Field science

I have just spent a cold and rainy Canadian Sunday indoors, watching the 9th annual MSF UK Scientific Day, streamed online for the very first time, for the entire world to see.

I have just spent a cold and rainy Canadian Sunday indoors, watching the 9th annual MSF UK Scientific Day, streamed online for the very first time, for the entire world to see. (You watch the videos here)

967 people in 5 continents, including many current field workers, were able to watch the remarkable presentations about research done in the field by MSF. From recent changes in Malaria treatment (which I learned about in South Sudan, when I was told I would be responsible for instituting the brand new malaria treatment, keeping all the statistics, and sending in all the data), to research into the use of satellite mapping to assess populations in emergency situations, to surveys done to delineate horrific sexual violence in Guatemala, to questions concerning how to balance priorities in a world with so much needing attention, it was a day guaranteed to make one think and wonder.

An amazing talk by Paul Conneally about 'Digital Humanitarianism', in which he makes it clear that MSF can choose not to be "an analog organization in a digital world”, was guaranteed to make everyone rethink how we as an organization will harness the benefits and the risks inherent in the ongoing explosion of technology that is upon us. One of the most remarkable statistics I learned is that there are now more people in Africa with cell phones than electricity. As was made clear in this keynote presentation, humanitarian organizations need to be in the forefront of research into how this technical revolution affects how we do our work. Humanitarian organizations "need to understand how people are using technology in communities and countries where they are working, and how this will affect 'community driven development'." The digital world is going to revolutionize humanitarian work, and the message presented is that we must prepare ourselves by researching the best way to use this to the advantage of the populations we work with and our organizations.

With only one mission under my belt, I was awed and my brain was tired by the end of the day, and I was just sitting on my couch, watching the presentations with a glass of lovely Chilean vino keeping me company. I did not realize the breadth and depth of the medical research done by MSF, and watching the conference online allowed me to have a much better understanding of the organization I work with. The presentation about using Teleradiology to accurately read radiographs done in the field was particularly poignant to me. I was chastised in the field for questioning another clinician's diagnosis of TB from what appeared to me to be a normal x-ray of a very sick child. It became very clear to me that good research into how to appropriately assess and diagnose difficult cases would help our patients and our field workers, and in this case, a protocol for diagnosis would have been very useful to me.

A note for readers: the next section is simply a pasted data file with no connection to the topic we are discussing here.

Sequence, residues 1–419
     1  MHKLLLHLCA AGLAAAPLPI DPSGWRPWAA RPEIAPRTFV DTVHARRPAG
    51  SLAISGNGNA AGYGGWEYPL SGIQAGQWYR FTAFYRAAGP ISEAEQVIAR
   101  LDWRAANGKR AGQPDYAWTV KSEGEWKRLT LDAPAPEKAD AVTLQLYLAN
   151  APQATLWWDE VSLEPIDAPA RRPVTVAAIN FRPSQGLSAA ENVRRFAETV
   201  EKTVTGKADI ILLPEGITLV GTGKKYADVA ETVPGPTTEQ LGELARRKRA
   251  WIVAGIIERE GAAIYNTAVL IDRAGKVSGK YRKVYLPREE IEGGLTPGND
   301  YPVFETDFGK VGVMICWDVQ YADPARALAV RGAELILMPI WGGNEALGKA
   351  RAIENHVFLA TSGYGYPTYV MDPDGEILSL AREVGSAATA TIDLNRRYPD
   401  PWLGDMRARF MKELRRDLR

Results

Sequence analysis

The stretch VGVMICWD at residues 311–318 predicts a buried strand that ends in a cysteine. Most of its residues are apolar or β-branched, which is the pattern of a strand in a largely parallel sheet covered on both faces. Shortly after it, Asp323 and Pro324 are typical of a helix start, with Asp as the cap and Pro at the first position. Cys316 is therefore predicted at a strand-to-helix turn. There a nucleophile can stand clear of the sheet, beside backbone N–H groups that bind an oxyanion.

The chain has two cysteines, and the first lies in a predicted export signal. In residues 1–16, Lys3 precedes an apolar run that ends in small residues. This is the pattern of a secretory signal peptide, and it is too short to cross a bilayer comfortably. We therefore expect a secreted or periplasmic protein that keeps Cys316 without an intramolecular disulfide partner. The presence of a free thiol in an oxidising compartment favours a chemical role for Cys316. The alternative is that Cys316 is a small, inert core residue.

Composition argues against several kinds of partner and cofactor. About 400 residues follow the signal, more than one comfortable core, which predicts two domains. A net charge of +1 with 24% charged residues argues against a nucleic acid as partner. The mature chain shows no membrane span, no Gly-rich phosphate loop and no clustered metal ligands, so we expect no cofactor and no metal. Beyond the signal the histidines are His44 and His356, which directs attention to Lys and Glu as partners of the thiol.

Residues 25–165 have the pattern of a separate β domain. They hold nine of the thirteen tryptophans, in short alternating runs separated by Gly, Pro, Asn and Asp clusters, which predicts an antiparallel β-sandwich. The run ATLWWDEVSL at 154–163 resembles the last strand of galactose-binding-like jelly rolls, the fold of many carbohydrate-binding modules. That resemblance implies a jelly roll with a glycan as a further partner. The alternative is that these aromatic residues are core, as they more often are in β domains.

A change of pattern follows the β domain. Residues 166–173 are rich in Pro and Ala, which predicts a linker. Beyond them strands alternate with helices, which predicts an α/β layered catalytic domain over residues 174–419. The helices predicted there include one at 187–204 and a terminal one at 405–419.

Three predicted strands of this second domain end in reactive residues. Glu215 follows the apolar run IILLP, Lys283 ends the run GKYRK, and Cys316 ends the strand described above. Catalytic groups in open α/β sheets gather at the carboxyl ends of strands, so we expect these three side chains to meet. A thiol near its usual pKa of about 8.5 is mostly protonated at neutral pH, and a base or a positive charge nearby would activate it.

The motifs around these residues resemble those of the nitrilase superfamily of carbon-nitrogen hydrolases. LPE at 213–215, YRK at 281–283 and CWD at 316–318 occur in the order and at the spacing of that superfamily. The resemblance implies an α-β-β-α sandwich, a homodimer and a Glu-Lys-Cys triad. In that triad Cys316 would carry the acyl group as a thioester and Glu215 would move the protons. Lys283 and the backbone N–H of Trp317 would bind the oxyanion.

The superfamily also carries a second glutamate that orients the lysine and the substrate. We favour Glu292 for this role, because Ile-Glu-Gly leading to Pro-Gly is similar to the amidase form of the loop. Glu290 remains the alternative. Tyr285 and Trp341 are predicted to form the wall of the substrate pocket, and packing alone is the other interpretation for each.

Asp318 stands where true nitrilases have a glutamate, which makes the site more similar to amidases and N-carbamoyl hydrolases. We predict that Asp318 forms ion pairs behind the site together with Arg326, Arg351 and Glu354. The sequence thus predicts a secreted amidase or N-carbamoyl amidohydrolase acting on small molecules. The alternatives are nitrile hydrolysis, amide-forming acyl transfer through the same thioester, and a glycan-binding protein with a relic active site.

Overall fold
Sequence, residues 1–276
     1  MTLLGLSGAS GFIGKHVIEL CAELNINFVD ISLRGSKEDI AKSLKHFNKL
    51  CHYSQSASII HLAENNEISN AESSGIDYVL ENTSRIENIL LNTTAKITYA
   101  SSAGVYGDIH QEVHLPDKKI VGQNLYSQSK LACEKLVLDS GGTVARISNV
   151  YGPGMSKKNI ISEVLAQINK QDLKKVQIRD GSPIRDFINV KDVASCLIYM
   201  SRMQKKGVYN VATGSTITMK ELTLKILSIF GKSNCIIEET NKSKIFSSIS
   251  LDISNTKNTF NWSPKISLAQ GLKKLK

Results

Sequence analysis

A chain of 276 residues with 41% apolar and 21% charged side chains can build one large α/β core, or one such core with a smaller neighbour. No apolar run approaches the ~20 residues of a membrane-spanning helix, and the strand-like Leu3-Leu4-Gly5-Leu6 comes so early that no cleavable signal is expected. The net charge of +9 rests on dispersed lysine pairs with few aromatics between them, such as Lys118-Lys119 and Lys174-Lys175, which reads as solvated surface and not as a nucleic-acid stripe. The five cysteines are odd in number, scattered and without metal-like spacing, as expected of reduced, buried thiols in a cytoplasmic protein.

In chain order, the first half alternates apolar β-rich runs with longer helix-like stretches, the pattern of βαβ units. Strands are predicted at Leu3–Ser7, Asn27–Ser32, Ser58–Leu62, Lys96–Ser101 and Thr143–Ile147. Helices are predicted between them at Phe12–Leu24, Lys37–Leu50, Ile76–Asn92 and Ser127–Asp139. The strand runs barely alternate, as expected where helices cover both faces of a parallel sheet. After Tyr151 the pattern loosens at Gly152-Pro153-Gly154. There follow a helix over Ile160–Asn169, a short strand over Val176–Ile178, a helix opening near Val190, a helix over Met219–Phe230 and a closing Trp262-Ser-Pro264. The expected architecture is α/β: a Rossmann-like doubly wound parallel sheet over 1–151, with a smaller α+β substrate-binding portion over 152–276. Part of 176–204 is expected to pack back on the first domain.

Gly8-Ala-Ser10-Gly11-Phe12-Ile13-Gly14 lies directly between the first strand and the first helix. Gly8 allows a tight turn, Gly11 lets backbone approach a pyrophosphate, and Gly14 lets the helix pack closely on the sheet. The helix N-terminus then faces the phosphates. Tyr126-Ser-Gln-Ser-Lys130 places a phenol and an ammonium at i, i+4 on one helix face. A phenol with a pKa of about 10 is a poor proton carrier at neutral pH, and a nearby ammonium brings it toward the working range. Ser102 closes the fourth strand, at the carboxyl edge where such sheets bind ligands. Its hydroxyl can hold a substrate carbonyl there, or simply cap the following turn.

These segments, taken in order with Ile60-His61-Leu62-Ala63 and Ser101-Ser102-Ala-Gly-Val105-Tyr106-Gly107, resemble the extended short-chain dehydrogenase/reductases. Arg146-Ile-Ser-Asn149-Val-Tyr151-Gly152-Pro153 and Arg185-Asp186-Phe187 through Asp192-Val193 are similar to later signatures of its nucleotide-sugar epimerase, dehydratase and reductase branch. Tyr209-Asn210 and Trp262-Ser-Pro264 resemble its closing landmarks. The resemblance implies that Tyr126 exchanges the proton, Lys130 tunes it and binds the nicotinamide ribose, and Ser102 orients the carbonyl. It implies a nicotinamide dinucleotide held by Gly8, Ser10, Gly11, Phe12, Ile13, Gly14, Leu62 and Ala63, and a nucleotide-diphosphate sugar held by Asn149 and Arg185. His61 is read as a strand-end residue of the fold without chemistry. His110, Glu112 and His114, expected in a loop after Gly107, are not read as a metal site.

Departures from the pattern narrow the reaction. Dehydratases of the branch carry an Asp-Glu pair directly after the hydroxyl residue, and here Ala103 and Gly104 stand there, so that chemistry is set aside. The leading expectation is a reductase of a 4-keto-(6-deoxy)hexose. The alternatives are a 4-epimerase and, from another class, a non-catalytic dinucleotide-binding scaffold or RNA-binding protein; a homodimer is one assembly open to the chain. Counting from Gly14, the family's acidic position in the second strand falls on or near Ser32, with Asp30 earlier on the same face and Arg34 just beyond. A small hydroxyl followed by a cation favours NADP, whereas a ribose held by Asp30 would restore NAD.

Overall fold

Particularly impressive to me were the questions presented: should MSF focus on the greatest good for the highest number of people; should there be more singular and focused investigations into specific problems; what is the best way to allow access to the research done by MSF, and how to appropriately assess the research being done and be comfortable that the work is not just heading out into cyberspace, where it may not be effectively assessed, analyzed and utilized.

As a returned field worker, I would like to know about these things while I am in the field. This is where our need to understand how the new digital world and the research being conducted is affecting the work I am doing would be helpful to me. It would be good to know in the midst of my daily chaos, that there is much thought and work and analysis going on behind the scenes. With the ability to reach almost everyone almost everywhere, at least part of the time, this would be one way to make very good use of the new approaches to Humanitarian Work that will be inevitable in the coming years.

As a fitting end to the day, consider watching the trailer for the as not yet completed movie 'They Go To Die' presented by epidemiologist and new filmmaker, Jonathan Smith, which brought the reality of the work with and the research of MSF to a palpable spot in my heart. (You can watch the trailer here)